Fiduciaries of the former Seventy Seven Energy Inc. have agreed to pay $15 million to settle a lawsuit that alleged the company's 401(k) plan violated ERISA's rules against undiversified holdings when it retained shares of its former parent, Chesapeake Energy Corp.
The settlement agreement was filed April 21 in a U.S. District Court in Oklahoma City.
The settlement, which must be approved by the court, covers a class of participants in the 401(k) plan from July 1, 2014, through Feb. 28, 2021. Approximately 4,000 participants may be affected by the agreement, the settlement document said.
Seventy Seven Energy, Oklahoma City, was spun off as a pubic company by Chesapeake Energy in June 2014. Its 401(k) plan contained both company stock and Chesapeake stock.
In April 2017, Seventy Seven Energy, an oilfield services company, was acquired by Patterson-UTI Energy Inc.
Patterson-UTI, Chesapeake and their fiduciaries were not defendants in the case of Christopher Snider v. Administrative Committee, Seventy Seven Energy Inc. Retirement & Savings Plan, et al.
The Seventy Seven Energy plan held Chesapeake stock from July 1, 2014 until Dec. 31, 2017, when the Seventy Seven Energy plan was merged into the Patterson-UTI Inc. 401(k) Profit Sharing Plan.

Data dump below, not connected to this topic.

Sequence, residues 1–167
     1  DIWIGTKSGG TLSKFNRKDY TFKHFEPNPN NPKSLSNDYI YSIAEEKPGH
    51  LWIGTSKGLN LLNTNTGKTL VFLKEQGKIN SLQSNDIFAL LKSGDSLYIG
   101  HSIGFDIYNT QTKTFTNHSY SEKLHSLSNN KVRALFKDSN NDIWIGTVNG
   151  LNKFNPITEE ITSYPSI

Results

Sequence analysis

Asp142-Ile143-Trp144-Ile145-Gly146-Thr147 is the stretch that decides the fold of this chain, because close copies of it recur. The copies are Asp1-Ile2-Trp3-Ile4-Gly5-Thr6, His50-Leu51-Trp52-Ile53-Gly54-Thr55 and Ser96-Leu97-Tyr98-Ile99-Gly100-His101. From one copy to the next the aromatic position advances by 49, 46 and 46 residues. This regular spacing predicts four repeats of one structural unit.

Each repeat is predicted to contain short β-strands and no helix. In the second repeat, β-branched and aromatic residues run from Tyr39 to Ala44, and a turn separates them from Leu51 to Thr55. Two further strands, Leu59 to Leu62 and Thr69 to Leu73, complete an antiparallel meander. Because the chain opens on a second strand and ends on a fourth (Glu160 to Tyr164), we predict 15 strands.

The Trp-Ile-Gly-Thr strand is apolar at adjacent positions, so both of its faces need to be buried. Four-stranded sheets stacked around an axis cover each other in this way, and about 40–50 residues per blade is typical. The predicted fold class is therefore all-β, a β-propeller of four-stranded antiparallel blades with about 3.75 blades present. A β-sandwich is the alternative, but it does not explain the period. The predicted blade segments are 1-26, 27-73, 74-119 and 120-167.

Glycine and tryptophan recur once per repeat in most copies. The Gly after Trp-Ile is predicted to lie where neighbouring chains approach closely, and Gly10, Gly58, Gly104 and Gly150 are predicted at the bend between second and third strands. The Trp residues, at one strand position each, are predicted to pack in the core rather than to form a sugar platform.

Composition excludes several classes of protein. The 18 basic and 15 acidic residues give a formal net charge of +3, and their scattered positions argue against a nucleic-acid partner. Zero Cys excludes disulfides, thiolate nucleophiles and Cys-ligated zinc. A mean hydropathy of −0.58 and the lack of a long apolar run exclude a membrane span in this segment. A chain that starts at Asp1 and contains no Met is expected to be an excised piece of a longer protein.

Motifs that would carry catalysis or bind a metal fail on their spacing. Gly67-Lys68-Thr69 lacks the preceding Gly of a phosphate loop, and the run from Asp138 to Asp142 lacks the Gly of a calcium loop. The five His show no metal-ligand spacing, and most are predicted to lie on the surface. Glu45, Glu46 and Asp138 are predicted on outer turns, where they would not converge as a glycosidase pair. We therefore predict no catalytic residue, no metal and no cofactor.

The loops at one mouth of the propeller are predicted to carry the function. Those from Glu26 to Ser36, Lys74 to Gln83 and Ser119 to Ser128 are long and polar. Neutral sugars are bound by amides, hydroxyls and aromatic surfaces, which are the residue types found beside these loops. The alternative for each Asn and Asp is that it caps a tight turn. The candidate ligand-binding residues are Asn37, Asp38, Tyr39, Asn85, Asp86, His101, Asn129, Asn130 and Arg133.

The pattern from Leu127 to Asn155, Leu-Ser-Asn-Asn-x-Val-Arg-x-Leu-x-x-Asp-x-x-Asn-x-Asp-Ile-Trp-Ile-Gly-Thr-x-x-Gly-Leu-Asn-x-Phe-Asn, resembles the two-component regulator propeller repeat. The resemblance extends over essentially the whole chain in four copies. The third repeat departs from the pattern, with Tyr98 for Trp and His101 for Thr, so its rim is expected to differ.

Mr. Snider, a 401(k) plan participant, sued in September 2020, arguing that the plan's holding of Chesapeake stock was imprudent and violated an ERISA rule against offering undiversified investments. Company stock is exempt from this requirement.
The defendants moved to dismiss the case but Timothy D. DeGiusti, the chief justice of the U.S. District Court in Oklahoma City, ruled in October 2021 that most of Mr. Snider's allegations could proceed to trial. The parties then sought mediation.
"Defendants deny all allegations of wrongdoing, fault, liability, or damages to plaintiff and the settlement class and deny that they engaged in any wrongdoing or violation of law or breach of fiduciary duties," the settlement document said.
"Defendants contend that the plan fiduciaries employed a robust and thorough process for selecting, monitoring, and removing plan investment options, informed plan participants of the risk of investing in Chesapeake stock, (and) did not allow new investments in Chesapeake stock after the plan was established," the document said.
The Seventy Seven Energy Inc. Retirement & Savings Plan, Oklahoma City, had $77 million in assets as of Dec. 31, 2016, the last Form 5500 filed by the company.
The Patterson-UTI Inc. 401(k) Profit Sharing Plan, Snyder, Texas, had assets of $209 million in assets as of Dec. 31, 2020, according to the latest Form 5500.